So, this weekend we made the journey and, quite simply, had one of the most perfect weekends I can recall. There were many highlights and I’m amazed at how much we crammed into a single day. The kids all got skate lessons at the hugely impressive House of Vans whilst Paul and I also managed a free skate session in the amazing indoor concrete bowl and street course there. We surveyed London’s staggering skyline from the vantage point of the London Eye and made it out to Moredon Park to catch a rare London gig by The Grenaways which also gave us the chance to carve out some sacred time with a couple of very special surfer friends from Cornwall. In amongst it all, we made it to Southbank.
After enjoying the patter of the street performers and a quick look at the Southbank Centre’s “Festival of Love”, we ambled along to the Undercroft from where the sound of wheels rolling on flag-stones and the thwack of ollies was drawing us.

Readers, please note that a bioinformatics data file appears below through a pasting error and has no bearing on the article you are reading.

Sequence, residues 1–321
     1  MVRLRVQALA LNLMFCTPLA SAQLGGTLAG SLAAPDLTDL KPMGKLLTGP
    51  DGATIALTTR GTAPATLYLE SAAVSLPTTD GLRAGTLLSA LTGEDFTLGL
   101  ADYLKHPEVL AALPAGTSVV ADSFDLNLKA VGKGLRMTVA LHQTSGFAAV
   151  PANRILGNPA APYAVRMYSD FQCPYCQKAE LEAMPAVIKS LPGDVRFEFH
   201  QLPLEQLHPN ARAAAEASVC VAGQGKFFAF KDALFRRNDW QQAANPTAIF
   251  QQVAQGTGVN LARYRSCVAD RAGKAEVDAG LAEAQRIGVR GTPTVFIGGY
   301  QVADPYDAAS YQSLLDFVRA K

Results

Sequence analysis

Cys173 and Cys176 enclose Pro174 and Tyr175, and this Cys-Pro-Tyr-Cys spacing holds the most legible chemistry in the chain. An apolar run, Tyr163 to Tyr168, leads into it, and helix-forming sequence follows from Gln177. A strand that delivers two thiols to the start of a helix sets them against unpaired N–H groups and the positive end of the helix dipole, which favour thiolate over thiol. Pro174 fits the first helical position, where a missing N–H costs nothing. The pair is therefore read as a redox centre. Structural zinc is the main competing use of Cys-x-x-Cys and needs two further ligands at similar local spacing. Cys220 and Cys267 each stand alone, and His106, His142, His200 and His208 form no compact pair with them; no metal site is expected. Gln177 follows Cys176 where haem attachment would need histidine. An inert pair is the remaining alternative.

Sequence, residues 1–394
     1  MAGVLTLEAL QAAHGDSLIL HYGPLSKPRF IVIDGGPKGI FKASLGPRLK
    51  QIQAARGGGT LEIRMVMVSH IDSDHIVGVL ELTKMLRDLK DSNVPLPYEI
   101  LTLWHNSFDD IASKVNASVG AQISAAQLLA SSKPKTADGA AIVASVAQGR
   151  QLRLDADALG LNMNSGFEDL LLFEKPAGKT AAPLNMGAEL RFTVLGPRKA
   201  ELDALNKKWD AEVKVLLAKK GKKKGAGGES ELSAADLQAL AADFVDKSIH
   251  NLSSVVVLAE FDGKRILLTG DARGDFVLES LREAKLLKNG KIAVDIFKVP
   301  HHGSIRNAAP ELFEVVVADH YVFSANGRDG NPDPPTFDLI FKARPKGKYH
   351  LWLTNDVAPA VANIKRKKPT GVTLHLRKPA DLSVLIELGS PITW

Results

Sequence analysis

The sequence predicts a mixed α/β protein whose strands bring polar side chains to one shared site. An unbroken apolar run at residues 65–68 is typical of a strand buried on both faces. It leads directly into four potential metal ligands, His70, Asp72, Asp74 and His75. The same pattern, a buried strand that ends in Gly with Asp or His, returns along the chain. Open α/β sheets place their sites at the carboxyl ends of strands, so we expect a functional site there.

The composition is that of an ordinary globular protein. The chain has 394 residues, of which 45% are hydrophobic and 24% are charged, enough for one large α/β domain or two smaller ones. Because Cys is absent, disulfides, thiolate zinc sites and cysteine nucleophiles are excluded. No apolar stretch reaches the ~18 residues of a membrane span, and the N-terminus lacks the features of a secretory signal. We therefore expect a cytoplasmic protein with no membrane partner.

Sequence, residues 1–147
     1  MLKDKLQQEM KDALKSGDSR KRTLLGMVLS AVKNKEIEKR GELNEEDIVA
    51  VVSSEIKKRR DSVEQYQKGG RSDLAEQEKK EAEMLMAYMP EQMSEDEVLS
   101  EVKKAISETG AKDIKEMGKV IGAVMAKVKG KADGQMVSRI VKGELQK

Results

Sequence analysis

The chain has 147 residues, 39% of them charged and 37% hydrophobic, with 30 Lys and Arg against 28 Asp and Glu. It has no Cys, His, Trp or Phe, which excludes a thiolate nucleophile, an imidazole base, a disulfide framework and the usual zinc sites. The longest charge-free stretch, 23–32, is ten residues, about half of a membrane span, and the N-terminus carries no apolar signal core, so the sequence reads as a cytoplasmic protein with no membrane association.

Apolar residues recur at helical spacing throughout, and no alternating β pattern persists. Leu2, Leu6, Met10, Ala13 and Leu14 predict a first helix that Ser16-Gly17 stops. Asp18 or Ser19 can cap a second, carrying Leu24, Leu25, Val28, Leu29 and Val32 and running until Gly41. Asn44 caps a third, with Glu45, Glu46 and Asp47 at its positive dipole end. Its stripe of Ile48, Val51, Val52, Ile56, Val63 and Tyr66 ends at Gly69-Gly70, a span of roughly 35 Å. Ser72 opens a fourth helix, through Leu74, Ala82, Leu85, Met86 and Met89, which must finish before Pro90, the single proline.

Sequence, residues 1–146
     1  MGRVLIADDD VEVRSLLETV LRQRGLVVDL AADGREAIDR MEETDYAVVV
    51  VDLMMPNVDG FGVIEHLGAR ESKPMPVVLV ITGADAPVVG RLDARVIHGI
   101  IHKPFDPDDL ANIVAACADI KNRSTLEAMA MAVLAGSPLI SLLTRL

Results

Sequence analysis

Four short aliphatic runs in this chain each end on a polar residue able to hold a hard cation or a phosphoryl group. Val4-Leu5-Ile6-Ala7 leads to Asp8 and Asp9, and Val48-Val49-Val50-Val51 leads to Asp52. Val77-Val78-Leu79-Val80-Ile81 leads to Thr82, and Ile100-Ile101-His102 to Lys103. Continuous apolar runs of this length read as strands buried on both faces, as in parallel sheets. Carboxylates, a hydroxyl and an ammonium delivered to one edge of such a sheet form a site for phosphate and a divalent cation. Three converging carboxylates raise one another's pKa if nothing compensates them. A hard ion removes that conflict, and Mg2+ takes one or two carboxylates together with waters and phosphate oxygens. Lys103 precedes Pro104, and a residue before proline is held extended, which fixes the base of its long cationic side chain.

On Saturday, for the first time we became participants rather than spectators. My tricks were far from technical and I found myself flat on my back on more than one occasion when I failed to land a re-entry out of the bottom of the banks. What struck me, however, was how welcoming and respectful the vibe was. There was no sense of it being for locals only or of there to be some sort of rite of passage or initiation process. Our kids rolled around and no-one seemed in the least bit put out by that. There was an authentic sense of acceptance and community. I was so stoked to be cruising, popping and rolling along the banks that have accommodated the wheels of many skate legends and locals for almost as long as I have inhabited this earth.